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STABILITY OF IRON-FORTIFIED GARI DURING STORAGE IN DIFFERENT PACKAGING MATERIALS

Authors

  • S.A. SANNI

    Corresponding author
    1. Department of Nutrition and Dietetics, University of Agriculture, PMB 2240, Abeokuta 110001, Nigeria
      TEL: +2347035234820; EMAIL: silajok@yahoo.com
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TEL: +2347035234820; EMAIL: silajok@yahoo.com

Abstract

ABSTRACT

Gari – a West African staple food, was fortified with 25, 35 and 45 mg/kg iron sulfate, iron fumarate and sodium iron ethylenediaminetetraacetic acid (NaFeEDTA), respectively. The fortified gari samples were packed in high-density zip-lock polyethylene bags and plastic jars and stored at ambient temperatures (30 ± 2C). Changes in moisture, iron, pH and peak viscosity of the fortified gari were monitored under storage for 5 months. Samples were analyzed monthly during storage using standard analytical procedures. High-density zip-lock polyethylene bags showed better protective barrier than plastic jar. Moisture content and peak viscosity decreased as storage time increased while pH increased. The iron in gari stored inside high-density zip-lock polyethylene bag was less susceptible to oxidation, hence, low losses in iron after 5 months of storage. NaFeEDTA-fortified gari packed inside high-density zip-lock polyethylene bags was the most stable during storage compared with iron sulfate and iron fumarate.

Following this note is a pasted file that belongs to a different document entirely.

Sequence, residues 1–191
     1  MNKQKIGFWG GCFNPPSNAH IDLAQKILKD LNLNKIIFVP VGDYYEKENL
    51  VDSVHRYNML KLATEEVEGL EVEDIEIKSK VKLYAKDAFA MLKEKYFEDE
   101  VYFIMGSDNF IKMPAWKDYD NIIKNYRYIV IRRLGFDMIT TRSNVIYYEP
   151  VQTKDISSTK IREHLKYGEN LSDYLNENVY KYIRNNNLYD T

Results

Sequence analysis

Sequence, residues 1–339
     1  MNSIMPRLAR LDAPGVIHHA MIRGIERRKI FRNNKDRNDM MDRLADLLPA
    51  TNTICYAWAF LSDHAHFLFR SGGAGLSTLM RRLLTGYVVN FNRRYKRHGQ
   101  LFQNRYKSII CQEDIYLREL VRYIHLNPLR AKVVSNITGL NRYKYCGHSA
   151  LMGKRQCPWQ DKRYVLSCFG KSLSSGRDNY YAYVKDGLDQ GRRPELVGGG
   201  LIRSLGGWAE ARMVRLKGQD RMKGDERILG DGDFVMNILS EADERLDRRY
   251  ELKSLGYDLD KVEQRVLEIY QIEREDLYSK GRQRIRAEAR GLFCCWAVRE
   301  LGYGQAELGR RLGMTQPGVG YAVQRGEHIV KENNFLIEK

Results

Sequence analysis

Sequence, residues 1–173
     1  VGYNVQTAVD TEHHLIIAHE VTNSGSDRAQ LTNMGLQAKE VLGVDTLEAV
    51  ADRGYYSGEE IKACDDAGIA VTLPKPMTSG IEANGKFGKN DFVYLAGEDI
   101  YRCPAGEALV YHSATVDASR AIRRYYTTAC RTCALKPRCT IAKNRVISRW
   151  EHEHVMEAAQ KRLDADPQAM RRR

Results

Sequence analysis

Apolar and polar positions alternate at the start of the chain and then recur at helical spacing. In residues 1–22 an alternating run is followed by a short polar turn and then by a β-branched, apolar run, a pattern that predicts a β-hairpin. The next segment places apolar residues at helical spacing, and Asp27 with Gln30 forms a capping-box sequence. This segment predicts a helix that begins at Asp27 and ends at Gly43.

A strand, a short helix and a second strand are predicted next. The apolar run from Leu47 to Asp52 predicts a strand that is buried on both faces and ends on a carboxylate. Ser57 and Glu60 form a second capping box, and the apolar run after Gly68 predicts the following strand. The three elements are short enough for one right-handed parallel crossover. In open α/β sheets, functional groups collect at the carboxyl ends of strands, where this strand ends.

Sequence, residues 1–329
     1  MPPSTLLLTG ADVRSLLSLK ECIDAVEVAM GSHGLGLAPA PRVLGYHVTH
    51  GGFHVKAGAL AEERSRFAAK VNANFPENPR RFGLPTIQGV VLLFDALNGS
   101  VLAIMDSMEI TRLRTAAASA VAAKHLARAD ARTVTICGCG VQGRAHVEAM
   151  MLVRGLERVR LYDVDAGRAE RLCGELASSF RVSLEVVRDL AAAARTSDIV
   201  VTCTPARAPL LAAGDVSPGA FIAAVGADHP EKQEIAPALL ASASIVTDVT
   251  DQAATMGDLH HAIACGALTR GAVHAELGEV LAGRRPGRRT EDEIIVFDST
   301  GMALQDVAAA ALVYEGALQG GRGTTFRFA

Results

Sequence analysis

PRACTICAL APPLICATIONS

Successful iron fortification and ensuring storage stability of fortified local diet will be a good nutritional intervention in sub-Saharan African countries. The problem of poor keeping quality of many dehydrated foods in the tropics is related to their moisture uptake during merchandising, perhaps due to poor packaging materials and the levels of moisture at which they were prepared. Scientific information on the storage stability of iron-fortified gari will be of vital importance to nutritional interventions targeted at alleviating iron deficiency anemia especially among the low-income earners in sub-Saharan Africa.

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